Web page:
But, who is really independent?

Almost all of us depend on others to produce the food we buy, to build and run the cars, trains, or buses we take to work, and to maintain the places where we live. Dependence is inescapable–it is the ultimate unifier.

If a web of dependence connects us all, then why have our laws and our attitudes often assumed that able-bodied people are more entitled to rights, respect, and opportunity than those with disabilities? Why are only certain workers protected under the Americans with Disabilities Act, and others–like domestic workers–excluded? Why do films, advertisements, and books rarely feature disabled people? Why do bathroom stalls in downtown Manhattan fail to accommodate a woman in a wheelchair?

As a society, we need to reconceptualize personhood. If we think of our selves in terms of our relationships with others rather than in terms of our autonomy, then we will be on a path towards valuing all people.


DIY: Conquer the Patriarchy

I love museums.

Their clean surfaces, quiet patrons, elegant displays, and informative exhibits make me happy. Living in New York–a city known for its “museum mile”–has only intensified my musemophile tendencies.

Last week, I visited the American Museum of Natural History. I spent my first hour there in pure bliss. The African Mammals, Global Disease, and Cosmic Pathway displays kept my too-easily-bored mind engaged. Seriously–I could feel myself getting smarter.

Then I entered the “Hall of African Peoples” exhibit.

An anthropological journey through the lifestyles and customs of African people, the exhibit explores Africa’s cultural heritage from Ancient Egypt to modern times. I approached the first display–the evolution of human tools–in my usual fashion: an initial, brief glance over the entire display, next, a focus on the artifact being highlighted, then a close reading of artifacts’s accompanying panel.

Immediately, I felt bothered by how the authors of the exhibit described the people who used the tools. They referred solely to a masculine actor. “Man” created stone tools starting 2.5 million years ago, “Man” developed hand axes in the lower paleolithic era, and “Man” designed spears around 300,000 years ago.

So, what’s wrong with this exhibit? After all, wasn’t “Man” the one who made tools in order to hunt, and provide for his pre-historic dependents?

Actually, he wasn’t.

The idea that the male “breadwinner” has existed throughout time is a myth. After surveying two hundred hunter/gatherer cultures in Oceania, Asia, Africa, and the Americas, anthropologists have determined that women’s gathering of food stuffs sustained pre-historic tribes. Hunting by men provided twenty percent of a tribe’s nourishment; women produced eighty percent of the total food consumed. Further analysis of ancient people’s teeth indicates that grains, nuts, and fruits–foods obtained through gathering, not hunting–served as their main food sources.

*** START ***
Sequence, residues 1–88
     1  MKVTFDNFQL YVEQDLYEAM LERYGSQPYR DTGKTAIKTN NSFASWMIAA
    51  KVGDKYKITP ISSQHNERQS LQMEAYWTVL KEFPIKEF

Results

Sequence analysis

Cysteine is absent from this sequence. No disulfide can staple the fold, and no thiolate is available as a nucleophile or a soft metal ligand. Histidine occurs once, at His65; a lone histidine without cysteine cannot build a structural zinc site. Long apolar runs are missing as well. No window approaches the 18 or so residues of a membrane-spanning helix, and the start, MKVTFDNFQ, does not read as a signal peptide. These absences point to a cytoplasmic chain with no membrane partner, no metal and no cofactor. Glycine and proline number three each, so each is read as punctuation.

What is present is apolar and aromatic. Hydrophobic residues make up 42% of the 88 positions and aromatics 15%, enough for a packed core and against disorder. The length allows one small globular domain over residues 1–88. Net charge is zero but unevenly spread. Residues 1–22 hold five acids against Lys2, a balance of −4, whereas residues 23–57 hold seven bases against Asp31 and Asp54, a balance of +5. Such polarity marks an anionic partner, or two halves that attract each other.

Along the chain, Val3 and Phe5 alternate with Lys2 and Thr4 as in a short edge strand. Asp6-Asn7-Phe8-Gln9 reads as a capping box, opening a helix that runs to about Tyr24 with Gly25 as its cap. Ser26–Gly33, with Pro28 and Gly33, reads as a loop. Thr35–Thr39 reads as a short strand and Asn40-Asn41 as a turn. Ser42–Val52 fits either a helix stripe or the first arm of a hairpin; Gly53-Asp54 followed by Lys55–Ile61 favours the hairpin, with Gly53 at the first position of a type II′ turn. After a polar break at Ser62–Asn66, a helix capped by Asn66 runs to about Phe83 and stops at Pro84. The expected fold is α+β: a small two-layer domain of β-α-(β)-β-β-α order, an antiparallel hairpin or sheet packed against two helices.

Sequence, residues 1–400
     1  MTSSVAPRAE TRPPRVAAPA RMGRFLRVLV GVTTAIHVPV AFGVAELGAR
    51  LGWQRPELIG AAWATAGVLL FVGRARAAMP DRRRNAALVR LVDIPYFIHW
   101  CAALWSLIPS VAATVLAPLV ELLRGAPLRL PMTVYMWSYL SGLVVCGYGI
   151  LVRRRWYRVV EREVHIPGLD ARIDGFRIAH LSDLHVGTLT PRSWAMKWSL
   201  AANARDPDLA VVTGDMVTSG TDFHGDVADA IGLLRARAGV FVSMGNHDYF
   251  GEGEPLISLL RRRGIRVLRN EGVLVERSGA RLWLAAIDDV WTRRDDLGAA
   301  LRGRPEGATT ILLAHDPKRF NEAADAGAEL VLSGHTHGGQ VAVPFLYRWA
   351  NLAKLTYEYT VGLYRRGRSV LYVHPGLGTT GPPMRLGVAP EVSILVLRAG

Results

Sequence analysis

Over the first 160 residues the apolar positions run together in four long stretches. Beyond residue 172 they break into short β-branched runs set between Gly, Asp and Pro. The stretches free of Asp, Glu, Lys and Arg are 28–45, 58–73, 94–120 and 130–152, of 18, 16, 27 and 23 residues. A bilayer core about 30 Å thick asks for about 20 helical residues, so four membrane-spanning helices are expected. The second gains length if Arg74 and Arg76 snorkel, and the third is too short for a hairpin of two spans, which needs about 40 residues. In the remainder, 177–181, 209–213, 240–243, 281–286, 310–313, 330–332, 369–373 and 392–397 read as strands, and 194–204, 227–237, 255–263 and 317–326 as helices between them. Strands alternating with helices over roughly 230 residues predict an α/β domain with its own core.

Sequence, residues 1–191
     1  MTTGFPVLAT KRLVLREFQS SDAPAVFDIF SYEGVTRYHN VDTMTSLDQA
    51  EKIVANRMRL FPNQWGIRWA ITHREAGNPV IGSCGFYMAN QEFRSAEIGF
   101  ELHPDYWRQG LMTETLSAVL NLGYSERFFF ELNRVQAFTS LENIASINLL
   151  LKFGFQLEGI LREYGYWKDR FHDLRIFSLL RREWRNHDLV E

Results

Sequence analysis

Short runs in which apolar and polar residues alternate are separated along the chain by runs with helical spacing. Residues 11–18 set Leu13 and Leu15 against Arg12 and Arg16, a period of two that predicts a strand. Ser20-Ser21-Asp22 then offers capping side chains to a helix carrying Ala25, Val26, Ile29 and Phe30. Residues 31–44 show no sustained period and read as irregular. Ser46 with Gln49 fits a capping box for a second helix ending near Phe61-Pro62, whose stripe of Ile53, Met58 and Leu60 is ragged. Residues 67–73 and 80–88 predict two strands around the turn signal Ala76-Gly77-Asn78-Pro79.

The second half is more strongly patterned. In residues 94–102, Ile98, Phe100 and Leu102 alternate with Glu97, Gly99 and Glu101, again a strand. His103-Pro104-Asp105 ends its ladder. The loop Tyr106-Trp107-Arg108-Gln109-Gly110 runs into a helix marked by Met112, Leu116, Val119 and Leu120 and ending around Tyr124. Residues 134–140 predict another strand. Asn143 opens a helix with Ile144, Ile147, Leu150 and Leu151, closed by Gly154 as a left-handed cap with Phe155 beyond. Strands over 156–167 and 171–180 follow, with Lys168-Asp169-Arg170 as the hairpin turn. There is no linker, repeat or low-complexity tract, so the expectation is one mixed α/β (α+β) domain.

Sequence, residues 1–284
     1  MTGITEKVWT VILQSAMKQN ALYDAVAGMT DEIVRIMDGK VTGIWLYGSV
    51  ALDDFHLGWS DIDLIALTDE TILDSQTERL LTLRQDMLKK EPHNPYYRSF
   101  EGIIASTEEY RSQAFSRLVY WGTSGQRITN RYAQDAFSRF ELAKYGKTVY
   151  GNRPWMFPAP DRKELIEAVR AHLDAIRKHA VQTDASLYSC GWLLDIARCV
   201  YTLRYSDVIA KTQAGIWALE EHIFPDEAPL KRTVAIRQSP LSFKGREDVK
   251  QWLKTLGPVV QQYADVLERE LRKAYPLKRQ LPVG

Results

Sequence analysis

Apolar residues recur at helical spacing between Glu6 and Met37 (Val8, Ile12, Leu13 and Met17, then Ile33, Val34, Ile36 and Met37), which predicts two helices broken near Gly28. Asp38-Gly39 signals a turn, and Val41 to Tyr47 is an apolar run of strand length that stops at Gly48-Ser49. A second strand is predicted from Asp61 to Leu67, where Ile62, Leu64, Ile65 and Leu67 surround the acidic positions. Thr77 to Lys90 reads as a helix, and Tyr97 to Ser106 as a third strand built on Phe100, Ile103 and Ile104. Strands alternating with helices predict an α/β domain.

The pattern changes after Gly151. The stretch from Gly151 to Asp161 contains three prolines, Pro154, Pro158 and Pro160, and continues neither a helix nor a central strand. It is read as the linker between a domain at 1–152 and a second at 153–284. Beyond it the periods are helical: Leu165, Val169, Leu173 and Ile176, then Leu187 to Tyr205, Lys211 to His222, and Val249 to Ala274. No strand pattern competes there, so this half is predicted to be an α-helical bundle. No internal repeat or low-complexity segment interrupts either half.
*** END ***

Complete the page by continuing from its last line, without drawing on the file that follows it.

In the past two centuries, anthropologists have focused on “Man” as the inventor of tools to use on the hunt (see: Natural History Museum display). Now, several scholars credit women with inventions they had formerly attributed to men. In fact, many say that hunting developed after gathering, meaning that women invented the earliest tools (i.e. bones, stones, lengths of wood for digging up roots).

Prehistoric women enjoyed equality with men, likely because of their economic contributions. Women’s parity only diminished as agriculture developed, and communities made the transition to patriarchal societies. The ideal of the male “breadwinner” did not exist until the late nineteenth century when male artisans in England–who lost their jobs to women–used the notion as a justification for confining women to the home. They claimed that society would fall apart if the moral pillars of families, women, left the home to work.

If history clearly shows us that women were as much the “breadwinners” as men in prehistoric societies, why do we continue to live with the legacy of the male “breadwinner”?

Here’s a better question: Who controls information and how it is distributed to the masses? Who has a monopoly on knowledge?

Men constitute 70% of full time faculty in degree-granting post secondary education institutions in the US. In 27 states, males make up the majority of public high school principals–in Kansas, by greater than 40%. 19 out of 33 senior officials in the U.S. Department of Education are men.

These statistics show that men control knowledge. The “man the hunter,” man the “inventor of tools,” and the inescapable male  “breadwinner” ideals, give men privileged access to employment, higher salaries, and status in organizational hierarchies.

Why would anyone sacrifice privilege for the sake of historical accuracy, and more importantly, gender equity?

To be fair, women comprise 44% of the museum labor force. Still, we have to think about where those women went to school, who their principals were, what professors they had. Likely, their education taught them to internalize the gender roles that many scholars have transferred to prehistoric people. Perhaps those women see nothing wrong with the Natural History Museum’s  “Hall of African Peoples” exhibit.

Eradicating gender inequality begins with education. We must see injustice before we can address it. 

Universities need more full-time female faculty members. The Department of Education needs more women senior officials.Kansas needs more female principals. 

Case and point: 

Furthermore, transgender education providers are so few that researchers do not even include them in most demographic analyses of school boards and college professors. How might history look if the most marginalized had a seat at the table?